A recent BBC article reported on a ‘corporate day’ held by the Virgin Group, where the business reverted back to a policy of no personal phone calls, no social media, arriving at the office at 9am and in full formal business attire.
The purpose of the day was to contrast the flexibility that Virgin gave its employees compared to other businesses, and the article then went on to explore the work expectations of millennial generation and how these differed from previous generations.
As a service provider that specialises in managing the supply of contingent workers through recruitment agencies for a wide range of customers, we’ve become acutely aware over the last couple of years of a national shortage of skills in several job categories, and we have worked closely with our suppliers to understand the motivations that drive workers when choosing where to work.
What has become very clear is that although money is invariably important to the worker, of equal and in some cases greater importance is the appeal of the workplace. With UK expenditure on contingent workers at £28.5m per year and expected to rise further, and an increasing preference within many businesses to maintain part of its workforce as a variable rather than fixed cost, there is a real need to embrace the value driven workplace for all generations, not just millennials.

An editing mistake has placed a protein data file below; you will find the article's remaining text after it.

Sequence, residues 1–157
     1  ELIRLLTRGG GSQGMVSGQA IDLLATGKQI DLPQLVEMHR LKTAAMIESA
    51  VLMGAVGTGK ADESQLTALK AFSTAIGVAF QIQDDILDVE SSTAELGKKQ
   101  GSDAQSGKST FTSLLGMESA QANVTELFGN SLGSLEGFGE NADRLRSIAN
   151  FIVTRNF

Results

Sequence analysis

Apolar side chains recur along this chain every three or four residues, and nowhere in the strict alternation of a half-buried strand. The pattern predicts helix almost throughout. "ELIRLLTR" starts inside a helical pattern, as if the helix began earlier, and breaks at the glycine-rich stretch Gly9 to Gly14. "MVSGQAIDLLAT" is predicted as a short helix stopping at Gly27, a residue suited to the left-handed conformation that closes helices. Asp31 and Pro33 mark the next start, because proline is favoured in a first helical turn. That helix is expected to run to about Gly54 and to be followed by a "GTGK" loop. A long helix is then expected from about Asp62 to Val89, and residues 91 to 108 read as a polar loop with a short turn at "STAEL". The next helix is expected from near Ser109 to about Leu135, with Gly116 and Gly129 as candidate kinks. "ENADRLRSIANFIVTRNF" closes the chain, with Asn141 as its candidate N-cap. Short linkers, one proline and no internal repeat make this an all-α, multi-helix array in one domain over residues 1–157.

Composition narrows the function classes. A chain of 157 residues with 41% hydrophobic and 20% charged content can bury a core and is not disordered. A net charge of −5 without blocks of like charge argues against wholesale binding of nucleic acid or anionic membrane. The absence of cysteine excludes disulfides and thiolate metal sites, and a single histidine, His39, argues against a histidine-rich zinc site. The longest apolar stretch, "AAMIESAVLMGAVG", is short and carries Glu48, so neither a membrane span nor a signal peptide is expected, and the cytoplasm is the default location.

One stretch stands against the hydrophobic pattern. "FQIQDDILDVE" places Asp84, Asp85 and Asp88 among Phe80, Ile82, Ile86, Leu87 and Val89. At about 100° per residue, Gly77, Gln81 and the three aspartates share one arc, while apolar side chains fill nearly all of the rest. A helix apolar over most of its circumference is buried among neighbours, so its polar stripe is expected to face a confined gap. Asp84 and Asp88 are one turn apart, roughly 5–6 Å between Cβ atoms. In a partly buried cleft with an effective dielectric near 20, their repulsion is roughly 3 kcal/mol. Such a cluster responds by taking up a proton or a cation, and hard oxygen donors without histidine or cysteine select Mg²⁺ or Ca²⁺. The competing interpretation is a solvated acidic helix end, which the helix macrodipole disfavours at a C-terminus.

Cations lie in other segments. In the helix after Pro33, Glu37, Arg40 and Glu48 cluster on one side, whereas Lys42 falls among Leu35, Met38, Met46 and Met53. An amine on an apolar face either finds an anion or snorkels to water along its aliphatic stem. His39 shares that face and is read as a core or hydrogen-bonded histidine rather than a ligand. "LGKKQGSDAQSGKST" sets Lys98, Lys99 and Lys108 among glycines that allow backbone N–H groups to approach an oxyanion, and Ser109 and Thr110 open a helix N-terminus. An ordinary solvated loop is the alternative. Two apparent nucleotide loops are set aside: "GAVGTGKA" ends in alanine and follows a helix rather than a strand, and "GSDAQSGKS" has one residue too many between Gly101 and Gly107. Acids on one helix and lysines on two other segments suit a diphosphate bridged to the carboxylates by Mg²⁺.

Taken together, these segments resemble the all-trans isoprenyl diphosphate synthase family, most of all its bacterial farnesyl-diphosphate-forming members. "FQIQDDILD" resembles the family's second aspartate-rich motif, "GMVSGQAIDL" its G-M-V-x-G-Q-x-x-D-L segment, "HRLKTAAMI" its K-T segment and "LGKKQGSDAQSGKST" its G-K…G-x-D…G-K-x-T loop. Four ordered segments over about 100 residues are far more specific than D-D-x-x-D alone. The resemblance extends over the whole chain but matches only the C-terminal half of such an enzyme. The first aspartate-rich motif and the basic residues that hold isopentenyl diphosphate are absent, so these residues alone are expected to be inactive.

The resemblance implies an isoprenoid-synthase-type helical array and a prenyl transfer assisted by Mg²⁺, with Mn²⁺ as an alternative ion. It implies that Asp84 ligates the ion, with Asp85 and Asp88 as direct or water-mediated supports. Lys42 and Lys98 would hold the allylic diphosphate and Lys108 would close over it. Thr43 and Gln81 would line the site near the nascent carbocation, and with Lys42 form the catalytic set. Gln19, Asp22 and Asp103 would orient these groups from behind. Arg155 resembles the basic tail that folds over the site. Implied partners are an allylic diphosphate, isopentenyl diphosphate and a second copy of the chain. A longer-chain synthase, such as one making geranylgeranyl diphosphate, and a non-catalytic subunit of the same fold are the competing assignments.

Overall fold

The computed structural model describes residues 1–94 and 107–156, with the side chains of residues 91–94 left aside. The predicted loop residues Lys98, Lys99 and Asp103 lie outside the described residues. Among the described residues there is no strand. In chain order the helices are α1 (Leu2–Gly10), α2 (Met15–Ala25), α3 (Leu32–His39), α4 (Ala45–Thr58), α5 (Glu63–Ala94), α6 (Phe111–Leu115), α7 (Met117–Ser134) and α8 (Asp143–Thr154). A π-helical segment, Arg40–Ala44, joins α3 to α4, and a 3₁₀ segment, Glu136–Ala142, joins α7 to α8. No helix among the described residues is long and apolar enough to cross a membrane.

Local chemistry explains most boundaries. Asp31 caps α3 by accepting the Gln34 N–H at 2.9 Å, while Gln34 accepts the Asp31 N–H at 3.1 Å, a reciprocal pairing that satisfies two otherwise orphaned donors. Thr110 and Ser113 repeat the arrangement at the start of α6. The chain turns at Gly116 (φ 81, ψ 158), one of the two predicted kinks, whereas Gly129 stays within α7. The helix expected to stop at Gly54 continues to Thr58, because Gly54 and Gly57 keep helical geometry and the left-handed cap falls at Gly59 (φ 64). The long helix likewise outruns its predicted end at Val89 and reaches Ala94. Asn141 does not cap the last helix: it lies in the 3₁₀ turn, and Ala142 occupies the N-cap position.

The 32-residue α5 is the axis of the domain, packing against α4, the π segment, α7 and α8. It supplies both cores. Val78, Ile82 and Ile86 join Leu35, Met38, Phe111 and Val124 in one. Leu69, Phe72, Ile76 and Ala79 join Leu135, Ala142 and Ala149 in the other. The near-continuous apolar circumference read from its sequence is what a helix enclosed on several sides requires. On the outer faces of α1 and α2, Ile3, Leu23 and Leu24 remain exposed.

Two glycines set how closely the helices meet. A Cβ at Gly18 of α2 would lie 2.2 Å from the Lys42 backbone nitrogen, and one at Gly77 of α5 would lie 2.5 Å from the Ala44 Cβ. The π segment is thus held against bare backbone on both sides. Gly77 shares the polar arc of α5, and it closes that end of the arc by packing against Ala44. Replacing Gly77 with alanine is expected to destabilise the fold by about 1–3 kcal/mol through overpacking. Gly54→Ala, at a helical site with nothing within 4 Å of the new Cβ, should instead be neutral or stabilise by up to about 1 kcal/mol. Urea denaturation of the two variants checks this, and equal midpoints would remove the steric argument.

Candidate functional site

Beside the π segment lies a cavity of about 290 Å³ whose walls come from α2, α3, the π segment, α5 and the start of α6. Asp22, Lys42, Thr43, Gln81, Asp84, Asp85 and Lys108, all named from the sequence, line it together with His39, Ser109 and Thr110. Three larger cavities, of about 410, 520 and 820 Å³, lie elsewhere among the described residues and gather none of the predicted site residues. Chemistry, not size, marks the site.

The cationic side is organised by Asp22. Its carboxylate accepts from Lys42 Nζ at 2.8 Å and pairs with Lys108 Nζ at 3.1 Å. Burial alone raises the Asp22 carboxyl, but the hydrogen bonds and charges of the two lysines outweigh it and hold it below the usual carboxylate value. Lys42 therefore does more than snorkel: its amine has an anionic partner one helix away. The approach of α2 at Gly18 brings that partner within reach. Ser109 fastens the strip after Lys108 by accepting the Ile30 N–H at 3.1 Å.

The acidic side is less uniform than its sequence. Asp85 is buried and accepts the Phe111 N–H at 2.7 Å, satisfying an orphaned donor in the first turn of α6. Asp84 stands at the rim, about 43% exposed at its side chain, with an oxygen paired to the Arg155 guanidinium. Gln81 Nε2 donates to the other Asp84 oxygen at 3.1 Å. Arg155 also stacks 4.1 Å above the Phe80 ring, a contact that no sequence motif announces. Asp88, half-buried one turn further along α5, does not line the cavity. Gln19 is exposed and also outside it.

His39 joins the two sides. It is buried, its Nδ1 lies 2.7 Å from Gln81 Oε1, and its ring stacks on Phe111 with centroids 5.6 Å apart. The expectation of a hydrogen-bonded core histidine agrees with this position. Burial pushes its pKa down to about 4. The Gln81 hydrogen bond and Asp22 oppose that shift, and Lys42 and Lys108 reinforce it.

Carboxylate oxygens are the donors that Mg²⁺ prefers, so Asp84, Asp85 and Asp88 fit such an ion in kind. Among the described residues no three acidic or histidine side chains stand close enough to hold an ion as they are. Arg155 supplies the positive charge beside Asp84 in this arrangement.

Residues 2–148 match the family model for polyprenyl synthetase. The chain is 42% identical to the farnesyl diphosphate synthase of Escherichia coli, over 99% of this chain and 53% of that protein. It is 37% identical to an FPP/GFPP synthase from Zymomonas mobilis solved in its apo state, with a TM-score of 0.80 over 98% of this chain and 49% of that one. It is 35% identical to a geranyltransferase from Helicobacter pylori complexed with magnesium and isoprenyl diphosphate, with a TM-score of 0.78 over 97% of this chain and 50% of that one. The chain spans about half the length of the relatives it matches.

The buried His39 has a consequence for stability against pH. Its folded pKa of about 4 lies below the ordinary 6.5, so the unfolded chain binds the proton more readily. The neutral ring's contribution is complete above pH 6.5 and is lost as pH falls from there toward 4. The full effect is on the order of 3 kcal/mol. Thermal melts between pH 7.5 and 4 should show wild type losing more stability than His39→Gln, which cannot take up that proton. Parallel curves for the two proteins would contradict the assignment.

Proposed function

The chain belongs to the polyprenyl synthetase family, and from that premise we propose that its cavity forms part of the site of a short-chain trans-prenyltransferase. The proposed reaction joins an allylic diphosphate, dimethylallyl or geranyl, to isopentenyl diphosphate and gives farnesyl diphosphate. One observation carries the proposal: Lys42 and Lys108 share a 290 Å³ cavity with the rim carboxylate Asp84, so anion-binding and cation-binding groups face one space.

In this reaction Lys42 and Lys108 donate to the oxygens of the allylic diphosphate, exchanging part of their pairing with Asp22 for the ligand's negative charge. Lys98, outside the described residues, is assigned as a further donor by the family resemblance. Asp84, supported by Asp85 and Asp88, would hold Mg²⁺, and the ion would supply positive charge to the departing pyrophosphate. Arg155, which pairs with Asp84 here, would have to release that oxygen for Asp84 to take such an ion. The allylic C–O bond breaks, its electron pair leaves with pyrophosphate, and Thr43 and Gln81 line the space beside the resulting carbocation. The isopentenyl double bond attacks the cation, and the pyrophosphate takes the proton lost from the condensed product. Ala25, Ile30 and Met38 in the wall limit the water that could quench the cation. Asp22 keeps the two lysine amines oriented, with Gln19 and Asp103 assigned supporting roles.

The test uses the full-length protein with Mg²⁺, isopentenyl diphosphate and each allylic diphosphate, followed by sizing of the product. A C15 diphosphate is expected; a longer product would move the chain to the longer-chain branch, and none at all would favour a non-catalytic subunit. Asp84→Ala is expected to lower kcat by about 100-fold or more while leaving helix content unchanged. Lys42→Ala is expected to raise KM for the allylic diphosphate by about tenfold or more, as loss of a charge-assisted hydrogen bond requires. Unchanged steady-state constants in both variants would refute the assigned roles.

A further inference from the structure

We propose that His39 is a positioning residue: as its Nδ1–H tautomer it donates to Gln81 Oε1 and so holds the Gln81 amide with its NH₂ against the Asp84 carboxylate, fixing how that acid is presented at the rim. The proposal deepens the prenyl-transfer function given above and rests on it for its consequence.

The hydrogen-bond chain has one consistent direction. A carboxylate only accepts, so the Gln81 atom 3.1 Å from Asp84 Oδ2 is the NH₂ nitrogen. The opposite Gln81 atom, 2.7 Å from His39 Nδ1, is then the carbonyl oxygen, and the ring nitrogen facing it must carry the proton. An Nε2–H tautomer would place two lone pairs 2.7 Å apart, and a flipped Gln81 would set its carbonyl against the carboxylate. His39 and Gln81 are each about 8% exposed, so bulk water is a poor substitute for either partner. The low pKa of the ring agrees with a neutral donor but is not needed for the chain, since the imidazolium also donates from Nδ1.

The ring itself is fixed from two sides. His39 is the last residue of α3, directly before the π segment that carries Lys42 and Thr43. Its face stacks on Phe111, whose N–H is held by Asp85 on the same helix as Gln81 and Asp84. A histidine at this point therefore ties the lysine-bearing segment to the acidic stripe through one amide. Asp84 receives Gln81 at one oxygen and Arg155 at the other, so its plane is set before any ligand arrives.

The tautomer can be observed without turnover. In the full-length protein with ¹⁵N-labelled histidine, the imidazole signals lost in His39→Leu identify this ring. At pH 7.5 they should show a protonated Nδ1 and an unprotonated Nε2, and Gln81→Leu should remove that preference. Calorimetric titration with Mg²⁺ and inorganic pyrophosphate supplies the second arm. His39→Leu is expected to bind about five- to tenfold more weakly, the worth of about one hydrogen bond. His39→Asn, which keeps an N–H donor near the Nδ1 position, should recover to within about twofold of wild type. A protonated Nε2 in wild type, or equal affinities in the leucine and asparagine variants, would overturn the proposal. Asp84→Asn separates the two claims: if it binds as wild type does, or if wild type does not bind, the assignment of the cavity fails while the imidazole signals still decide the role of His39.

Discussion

So what should an organisation do to try and attract the contingent staff that it needs? Perhaps the starting point should be not to view the worker as ‘just a temp’ but as a key member of its workforce. The job for life culture is long gone, so a contingent worker on a six or twelve month contract may well be part of your workforce longer than a permanent member of staff. Our suppliers frequently comment that the ‘just a temp’ approach, where the worker is given the least desirable tasks, asked to hot desk and generally made to feel like a separate part of the workforce may deter workers from accepting assignments and will certainly speed their exit from an assignment.
Having a clear understanding of assignment length is also important; a three month assignment with the opportunity to extend in reality means that the worker will be listening to new job offers after 10 weeks as they plan continuous employment. If an organisation is able to plan holistically and expects the assignment to be for 12 months or longer, then this should be outlined to the worker up front. Flexible work arrangements such as working from home should be considered, although clearly in the right circumstances and where the workers’ output is measurable. Removing a two hour commute frees up a lot of time, particularly for those of us with family commitments. In our business we need mature, experienced relationship management staff to work with customers and suppliers, and offering the option of working from home has enabled us to not only attract but also retain the right level of staff.
Other simple considerations are the range of amenities available at your workplace – for example free parking is better than paid parking! There is a growing need for organisations to focus on these workplace considerations and to adapt to the changing economic and cultural environment. Without doing so there is a clear risk of losing competitive advantage and being left behind.